Glycogen synthase kinase-3β regulates fractalkine production by altering its trafficking from Golgi to plasma membrane: implications for Alzheimer's disease.
Cellular and molecular life sciences : CMLS
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Fuster-Matanzo, A., Jurado-Arjona, J., Benvegnù, S., García, E., Martín-Maestro, P., Gómez-Sintes, R., Hernández, F., & et al. (2017). Glycogen synthase kinase-3β regulates fractalkine production by altering its trafficking from Golgi to plasma membrane: implications for Alzheimer's disease.. Cellular and molecular life sciences : CMLS, 74 1153-1163. https://doi.org/10.1007/s00018-016-2408-6
Glycogen synthase kinase-3β (GSK-3β) is a serine-threonine kinase implicated in multiple processes and signaling pathways. Its dysregulation is associated with different pathological conditions including Alzheimer's disease (AD). Here we demonstrate how changes in GSK-3β activity and/or levels regulate the production and subsequent secretion of fractalkine, a chemokine involved in the immune response that has been linked to AD and to other different neurological disorders. Treatment of primary cultured neurons with GSK-3β inhibitors such as lithium and AR-A014418 decreased full-length fractalkine in total cell extracts. Opposite effects were observed after neuron transduction with a lentiviral vector overexpressing the kinase. Biotinylation assays showed that those changes mainly affect the plasma membrane-associated form of the protein, an observation that positively correlates with changes in the levels of its soluble form. These effects were confirmed in lithium-treated wild type (wt) mice and in GSK-3β transgenic animals, as well as in brain samples from AD patients, evident as age-dependent (animals) or Braak stage dependent changes (humans) in both the membrane-bound and the soluble forms of the protein. Further immunohistochemical analyses demonstrated how GSK-3β exerts these effects by affecting the trafficking of the chemokine from the Golgi to the plasma membrane, in different and opposite ways when the levels/activity of the kinase are increased or decreased. This work provides for the first time a mechanism linking GSK-3β and fractalkine both in vitro and in vivo, with important implications for neurological disorders and especially for AD, in which levels of this chemokine might be useful as a diagnostic tool.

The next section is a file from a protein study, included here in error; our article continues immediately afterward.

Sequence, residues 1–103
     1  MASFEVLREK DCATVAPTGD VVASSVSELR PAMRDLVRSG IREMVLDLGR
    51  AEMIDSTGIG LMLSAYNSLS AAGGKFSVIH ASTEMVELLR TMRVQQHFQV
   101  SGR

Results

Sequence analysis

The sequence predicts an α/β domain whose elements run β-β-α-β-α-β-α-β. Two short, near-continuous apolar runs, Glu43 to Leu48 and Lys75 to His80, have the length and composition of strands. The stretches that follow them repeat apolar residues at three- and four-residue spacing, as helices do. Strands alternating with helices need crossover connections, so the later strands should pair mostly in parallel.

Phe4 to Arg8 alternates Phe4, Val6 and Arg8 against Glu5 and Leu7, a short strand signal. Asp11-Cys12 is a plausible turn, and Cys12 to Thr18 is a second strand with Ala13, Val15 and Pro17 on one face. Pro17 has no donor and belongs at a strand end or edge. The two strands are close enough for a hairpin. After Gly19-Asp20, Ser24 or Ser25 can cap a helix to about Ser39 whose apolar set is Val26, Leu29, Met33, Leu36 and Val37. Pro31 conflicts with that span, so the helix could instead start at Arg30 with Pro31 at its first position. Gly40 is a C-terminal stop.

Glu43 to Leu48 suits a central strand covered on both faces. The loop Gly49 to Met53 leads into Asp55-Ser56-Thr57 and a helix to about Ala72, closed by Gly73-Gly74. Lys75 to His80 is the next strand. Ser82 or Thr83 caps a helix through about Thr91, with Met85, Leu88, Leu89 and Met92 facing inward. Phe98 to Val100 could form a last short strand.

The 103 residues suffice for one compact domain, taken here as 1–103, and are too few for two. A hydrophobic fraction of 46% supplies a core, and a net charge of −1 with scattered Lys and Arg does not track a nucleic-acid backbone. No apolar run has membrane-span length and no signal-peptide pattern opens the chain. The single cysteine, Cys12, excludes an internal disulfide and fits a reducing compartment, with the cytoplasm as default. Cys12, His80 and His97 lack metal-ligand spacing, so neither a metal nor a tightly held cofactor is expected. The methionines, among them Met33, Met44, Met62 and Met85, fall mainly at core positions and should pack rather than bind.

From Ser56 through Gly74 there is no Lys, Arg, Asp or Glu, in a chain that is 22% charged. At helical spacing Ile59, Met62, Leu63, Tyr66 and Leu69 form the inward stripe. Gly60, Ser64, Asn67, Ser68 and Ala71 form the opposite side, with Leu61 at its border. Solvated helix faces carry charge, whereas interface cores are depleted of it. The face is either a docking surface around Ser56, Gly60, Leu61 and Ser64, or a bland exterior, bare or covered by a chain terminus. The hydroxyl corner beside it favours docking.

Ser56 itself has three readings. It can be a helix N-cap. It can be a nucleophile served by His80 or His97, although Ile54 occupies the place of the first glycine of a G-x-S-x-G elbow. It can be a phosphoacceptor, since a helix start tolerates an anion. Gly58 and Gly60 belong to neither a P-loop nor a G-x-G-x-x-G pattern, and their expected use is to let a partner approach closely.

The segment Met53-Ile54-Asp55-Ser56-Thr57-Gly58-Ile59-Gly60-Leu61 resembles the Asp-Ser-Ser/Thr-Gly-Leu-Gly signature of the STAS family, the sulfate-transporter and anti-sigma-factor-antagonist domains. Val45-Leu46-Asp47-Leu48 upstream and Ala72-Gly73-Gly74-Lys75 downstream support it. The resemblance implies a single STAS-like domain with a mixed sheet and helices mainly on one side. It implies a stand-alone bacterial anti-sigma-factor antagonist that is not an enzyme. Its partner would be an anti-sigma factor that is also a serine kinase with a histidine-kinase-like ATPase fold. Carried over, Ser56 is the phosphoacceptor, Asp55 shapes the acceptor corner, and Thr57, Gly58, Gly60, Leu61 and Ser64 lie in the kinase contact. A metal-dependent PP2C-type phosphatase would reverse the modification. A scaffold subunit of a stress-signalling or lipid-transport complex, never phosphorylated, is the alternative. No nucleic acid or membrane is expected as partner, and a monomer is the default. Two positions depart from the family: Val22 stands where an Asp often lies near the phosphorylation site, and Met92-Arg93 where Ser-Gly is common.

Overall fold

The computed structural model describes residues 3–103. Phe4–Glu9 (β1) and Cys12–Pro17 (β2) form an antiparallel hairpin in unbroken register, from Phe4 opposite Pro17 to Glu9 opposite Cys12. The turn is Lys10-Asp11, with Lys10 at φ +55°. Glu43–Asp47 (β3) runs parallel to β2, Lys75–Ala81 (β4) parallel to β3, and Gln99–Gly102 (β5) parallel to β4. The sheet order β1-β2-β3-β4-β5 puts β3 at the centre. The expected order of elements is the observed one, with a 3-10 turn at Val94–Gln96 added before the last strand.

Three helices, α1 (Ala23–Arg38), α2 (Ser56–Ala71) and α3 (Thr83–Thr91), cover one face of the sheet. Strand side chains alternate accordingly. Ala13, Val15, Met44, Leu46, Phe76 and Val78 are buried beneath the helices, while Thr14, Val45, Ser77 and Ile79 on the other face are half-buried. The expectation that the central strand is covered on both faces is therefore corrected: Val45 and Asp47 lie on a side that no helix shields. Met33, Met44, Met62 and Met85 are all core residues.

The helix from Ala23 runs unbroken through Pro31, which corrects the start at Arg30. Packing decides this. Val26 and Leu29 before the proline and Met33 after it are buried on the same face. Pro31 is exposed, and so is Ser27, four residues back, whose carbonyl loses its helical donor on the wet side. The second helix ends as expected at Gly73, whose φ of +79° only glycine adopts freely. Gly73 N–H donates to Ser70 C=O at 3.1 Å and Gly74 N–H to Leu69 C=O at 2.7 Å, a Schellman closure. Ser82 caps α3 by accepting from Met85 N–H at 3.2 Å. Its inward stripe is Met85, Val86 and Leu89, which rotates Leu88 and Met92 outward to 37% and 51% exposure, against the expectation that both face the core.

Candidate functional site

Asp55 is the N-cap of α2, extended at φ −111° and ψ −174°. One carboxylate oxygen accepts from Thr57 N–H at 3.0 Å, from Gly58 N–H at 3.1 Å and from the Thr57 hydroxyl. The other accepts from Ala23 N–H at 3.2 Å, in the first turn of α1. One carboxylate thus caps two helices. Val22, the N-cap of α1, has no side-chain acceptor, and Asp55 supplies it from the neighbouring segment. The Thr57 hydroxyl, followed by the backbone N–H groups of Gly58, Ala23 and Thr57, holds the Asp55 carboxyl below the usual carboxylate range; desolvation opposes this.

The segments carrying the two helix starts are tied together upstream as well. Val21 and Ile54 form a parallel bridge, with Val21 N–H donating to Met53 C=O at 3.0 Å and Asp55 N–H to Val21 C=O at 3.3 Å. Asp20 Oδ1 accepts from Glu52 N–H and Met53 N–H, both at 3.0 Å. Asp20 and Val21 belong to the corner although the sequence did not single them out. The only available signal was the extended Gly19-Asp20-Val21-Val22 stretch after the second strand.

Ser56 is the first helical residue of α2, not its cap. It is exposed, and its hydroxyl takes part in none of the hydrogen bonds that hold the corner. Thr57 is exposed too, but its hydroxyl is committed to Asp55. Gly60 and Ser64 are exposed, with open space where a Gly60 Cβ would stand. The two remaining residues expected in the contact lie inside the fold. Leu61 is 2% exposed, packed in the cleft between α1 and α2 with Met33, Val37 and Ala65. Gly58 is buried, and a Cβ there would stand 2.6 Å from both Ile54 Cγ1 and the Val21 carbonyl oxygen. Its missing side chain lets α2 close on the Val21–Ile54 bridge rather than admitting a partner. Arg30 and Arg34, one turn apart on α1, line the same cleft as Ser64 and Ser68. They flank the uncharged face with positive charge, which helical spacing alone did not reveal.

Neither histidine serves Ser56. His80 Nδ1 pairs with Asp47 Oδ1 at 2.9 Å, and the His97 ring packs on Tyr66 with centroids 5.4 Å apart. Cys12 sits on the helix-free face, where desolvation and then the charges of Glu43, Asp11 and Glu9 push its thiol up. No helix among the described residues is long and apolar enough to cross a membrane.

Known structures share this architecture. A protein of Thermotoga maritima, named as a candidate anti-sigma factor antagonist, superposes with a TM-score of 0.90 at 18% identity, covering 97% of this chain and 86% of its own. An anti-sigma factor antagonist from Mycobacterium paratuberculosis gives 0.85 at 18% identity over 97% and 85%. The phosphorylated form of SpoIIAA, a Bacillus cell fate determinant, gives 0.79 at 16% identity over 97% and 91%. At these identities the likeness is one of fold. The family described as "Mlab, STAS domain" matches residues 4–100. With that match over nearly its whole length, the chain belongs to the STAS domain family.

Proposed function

Cell Membrane, Transport Vesicles, Golgi Apparatus, Animals, Mice, Inbred C57BL, Humans, Alzheimer Disease, rab GTP-Binding Proteins, Protein Binding, Protein Transport, Solubility, Chemokine CX3CL1, Glycogen Synthase Kinase 3 beta
This study was funded by grants from Spanish Ministry of Economy and Competitiveness (SAF 2006-02424, BFU-2008-03980, BFU-2010-21507), Comunidad de Madrid (SAL/0202/2006), Fundación M. Botín, Centro de Investigación Biomédica en Red sobre Enfermedades Neurodegenerativas (CIBERNED, ISCIII), and an institutional grant from the Fundación R. Areces. Authors would like to thank Dr. Alberto Rábano (Neuropathology Department, CIEN Foundation, Madrid, Spain) for the human brain samples, people from Laboratory 122 from the Centro de Biología Molecular Severo Ochoa (CSIC-UAM), Madrid, Spain, for the constant help and technical support and Dr. Jayden A. Smith (Clinical Neurosciences Deparment, University of Cambridge) for kindly revising and correcting English grammar.
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External DOI: https://doi.org/10.1007/s00018-016-2408-6
This record's URL: https://www.repository.cam.ac.uk/handle/1810/262089
Attribution 4.0 International, Attribution 4.0 International, Attribution 4.0 International, Attribution 4.0 International